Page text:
Last week, on 6 June, the European Parliament and the Council of the European Union reached a provisional political agreement on the Directive on the Distance Marketing of Financial Services (DMFSD). Notably, the new law will include a provision aimed at facilitating the exercise of the right of withdrawal from contracts concluded at distance through the inclusion of a ‘withdrawal function’ in the service provider’s interface.
The extension of the “withdrawal button”
Back on 11 May 2022, the European Commission proposed to update its legislative framework by repealing the 2002 directive on distance marketing of consumer financial services and introducing new provisions for distant contracts as an additional chapter to the Consumer Rights Directive (CRD), through the Directive on the Distance Marketing of Financial Services (DMFSD). On 24 March, the General Approach adopted by the Council of the European Union moved away from the initial focus of the proposal.
Following a push by the Czech Presidency in December 2022, Member States decided to extend a “withdrawal button” to all distance contracts, and not only to financial services contracts anymore. The objective of this provision is to raise consumers’ awareness of their right to withdrawal provided under the CRD and ensure that to withdraw from a contract is less burdensome than to enter it.
At the Parliament, MEPs from the Internal Market (IMCO) Committee approved on 28 March a more flexible rewording proposed by rapporteur Arba Kokalari (S&D, Sweden) on a “withdrawal function”. They agreed that the function would have to be labelled legibly, be placed on the online interface in a prominent manner and be easily accessible to the consumer.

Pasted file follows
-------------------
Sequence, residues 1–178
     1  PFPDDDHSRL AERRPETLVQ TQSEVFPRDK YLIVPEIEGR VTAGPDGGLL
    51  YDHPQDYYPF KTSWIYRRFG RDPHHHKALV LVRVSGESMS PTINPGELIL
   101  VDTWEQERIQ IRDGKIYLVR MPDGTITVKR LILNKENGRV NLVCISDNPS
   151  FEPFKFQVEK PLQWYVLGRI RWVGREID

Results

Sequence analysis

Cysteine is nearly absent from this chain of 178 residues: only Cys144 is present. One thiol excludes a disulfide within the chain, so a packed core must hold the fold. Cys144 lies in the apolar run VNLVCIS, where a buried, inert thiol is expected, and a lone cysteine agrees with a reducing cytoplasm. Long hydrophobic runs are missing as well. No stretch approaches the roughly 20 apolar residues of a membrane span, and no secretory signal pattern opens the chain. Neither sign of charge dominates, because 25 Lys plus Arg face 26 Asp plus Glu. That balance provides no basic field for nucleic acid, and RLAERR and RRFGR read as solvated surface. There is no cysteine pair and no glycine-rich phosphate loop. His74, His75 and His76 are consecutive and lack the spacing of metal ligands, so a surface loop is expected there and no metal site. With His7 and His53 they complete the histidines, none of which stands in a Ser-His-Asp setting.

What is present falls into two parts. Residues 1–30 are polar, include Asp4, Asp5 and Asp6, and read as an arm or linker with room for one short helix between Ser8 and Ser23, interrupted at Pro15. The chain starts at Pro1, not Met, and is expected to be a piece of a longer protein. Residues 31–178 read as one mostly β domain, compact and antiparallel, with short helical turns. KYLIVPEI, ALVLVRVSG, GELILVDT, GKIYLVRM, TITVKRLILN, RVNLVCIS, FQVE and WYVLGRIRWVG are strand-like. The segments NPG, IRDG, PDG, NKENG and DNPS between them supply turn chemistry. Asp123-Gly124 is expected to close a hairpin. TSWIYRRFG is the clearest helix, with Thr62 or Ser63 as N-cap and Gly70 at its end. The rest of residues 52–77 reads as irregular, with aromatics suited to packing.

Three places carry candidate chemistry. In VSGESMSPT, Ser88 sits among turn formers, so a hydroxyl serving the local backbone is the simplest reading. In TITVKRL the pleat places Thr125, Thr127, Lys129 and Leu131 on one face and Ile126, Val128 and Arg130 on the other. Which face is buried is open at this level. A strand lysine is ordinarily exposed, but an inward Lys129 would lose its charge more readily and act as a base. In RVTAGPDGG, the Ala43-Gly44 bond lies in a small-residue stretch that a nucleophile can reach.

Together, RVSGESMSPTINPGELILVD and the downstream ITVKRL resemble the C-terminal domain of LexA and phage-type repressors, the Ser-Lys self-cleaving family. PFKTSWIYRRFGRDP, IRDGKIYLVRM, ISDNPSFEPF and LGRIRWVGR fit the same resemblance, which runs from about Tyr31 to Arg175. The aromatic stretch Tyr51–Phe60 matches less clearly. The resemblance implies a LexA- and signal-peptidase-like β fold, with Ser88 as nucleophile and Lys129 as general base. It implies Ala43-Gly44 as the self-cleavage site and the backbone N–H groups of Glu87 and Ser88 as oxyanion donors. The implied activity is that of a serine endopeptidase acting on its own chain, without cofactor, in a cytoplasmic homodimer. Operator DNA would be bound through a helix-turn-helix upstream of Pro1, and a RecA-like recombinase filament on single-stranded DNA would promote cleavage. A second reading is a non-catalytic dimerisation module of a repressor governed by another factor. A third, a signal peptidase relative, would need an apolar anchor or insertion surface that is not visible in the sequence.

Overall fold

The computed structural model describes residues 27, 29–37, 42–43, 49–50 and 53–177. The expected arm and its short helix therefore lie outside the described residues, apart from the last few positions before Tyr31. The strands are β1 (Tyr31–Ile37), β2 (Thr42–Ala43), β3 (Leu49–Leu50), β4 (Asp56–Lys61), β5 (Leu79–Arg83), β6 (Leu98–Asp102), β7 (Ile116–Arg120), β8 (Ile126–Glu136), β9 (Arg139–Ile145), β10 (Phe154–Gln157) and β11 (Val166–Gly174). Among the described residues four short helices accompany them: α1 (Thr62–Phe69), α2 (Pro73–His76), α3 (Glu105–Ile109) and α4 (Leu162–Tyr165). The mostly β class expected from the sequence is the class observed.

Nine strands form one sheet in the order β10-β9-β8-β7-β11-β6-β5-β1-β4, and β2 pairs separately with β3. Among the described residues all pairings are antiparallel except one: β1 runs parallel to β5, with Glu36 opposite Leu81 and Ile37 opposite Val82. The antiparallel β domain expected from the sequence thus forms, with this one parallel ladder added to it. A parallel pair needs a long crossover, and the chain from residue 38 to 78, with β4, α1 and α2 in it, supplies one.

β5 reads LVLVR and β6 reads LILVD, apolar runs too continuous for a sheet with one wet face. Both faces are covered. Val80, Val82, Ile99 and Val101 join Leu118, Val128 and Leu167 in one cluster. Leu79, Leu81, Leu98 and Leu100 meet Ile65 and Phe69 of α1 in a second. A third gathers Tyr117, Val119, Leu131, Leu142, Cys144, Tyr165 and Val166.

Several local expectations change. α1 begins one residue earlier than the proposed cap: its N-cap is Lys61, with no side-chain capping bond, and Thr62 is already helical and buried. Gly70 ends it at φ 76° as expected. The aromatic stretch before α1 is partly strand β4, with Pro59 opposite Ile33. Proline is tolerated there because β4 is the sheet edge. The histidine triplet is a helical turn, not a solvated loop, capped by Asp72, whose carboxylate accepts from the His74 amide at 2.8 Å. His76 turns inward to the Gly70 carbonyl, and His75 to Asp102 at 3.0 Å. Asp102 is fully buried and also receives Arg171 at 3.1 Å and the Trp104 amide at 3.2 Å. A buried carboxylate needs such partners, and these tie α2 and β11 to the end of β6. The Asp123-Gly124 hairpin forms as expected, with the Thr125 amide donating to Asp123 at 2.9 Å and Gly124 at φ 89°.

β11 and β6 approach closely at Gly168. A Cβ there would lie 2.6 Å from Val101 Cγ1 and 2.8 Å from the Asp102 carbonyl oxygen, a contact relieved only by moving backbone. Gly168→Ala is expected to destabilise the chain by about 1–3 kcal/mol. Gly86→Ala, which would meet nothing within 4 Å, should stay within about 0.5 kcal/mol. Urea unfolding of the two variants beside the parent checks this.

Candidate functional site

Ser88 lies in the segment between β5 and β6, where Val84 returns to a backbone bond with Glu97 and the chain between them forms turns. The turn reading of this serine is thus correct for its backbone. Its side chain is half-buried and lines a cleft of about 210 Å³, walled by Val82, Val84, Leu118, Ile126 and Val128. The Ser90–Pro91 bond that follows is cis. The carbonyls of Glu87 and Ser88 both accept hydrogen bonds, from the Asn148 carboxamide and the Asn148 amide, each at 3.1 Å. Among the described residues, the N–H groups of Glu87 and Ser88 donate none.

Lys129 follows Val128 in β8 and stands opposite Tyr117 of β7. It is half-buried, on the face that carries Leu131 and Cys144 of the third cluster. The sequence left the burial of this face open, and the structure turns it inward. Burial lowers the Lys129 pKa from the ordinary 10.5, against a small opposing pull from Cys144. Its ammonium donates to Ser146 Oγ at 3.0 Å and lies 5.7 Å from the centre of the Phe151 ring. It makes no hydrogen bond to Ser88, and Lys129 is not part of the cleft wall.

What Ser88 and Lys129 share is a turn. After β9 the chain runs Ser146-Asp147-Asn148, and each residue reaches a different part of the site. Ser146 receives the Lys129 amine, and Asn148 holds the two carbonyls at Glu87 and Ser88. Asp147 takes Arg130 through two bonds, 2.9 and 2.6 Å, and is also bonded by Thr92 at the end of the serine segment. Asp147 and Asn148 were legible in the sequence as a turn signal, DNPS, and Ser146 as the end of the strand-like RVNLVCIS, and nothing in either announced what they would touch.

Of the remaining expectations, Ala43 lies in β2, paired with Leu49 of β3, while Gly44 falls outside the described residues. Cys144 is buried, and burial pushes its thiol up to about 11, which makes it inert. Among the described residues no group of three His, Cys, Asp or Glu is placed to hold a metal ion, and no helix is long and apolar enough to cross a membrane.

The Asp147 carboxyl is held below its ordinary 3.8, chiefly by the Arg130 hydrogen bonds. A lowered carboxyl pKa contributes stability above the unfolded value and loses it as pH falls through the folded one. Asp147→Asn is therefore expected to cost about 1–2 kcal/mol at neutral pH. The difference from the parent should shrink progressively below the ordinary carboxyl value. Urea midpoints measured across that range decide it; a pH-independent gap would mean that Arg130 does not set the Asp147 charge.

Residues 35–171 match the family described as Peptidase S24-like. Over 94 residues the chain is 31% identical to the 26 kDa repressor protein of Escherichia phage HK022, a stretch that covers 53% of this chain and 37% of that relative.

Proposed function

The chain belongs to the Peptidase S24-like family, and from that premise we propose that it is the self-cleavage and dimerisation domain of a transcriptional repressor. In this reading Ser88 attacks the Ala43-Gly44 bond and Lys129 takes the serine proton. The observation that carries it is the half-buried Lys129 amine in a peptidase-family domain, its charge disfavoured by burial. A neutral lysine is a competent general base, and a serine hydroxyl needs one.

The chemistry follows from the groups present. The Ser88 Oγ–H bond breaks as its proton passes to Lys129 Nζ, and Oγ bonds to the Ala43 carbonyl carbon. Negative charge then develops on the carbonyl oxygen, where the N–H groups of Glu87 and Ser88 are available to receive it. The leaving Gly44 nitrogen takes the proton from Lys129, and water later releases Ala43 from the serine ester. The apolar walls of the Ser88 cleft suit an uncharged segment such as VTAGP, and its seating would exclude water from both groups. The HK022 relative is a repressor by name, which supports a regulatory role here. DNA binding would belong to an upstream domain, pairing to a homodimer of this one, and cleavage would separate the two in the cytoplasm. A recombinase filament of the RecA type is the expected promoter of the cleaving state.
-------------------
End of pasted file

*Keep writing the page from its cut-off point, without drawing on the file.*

Negotiations between the European Parliament and the Council of the European Union moved very fast on that file. A first Trilogue was held on 24 April followed by a second one on 6 June where a political agreement was promptly reached.
Finally, co-legislators have agreed on the technologically neutral term proposed by the Parliament, the “withdrawal function”. MEPs insisted on making the withdrawal function easily accessible, clearly visible and permanently available during the entire 14-day withdrawal period. Adding that after the consumer has submitted their request, they must receive a confirmation of the withdrawal from the trader “without undue delay”. Here are the press releases from the Council and the Parliament following the last Trilogue.
Ecommerce Europe welcomes the flexibility achieved in the final solution reached. This compromise will hopefully provide traders with adequate flexibility to align with the new obligations. However, concerns remain on the impact that this new function will have on e-commerce in Europe. The digital commerce sector comprises a diverse range of players with varying sizes, different business models and technical capabilities.
It remains to be seen how the withdrawal function will be implemented in practice and how it will adapt to the wide array of products and services available online. Throughout the legislative process, Ecommerce Europe has continuously voiced concerns regarding the utilization of the discussion on financial services contracts as a mean to amend the Consumer Rights Directive horizontally.
We remain convinced that the ongoing Consumer Law Fitness Check conducted by the European Commission provided for a more appropriate venue to further discuss the topic of withdrawal. Once the provisional agreement reached last week will be endorsed and formally adopted by both institutions, the final text will be published in the EU Official Journal and will enter into force 20 days later. Member states will then have 24 months to transpose the directive into national law and another 6 months to apply it.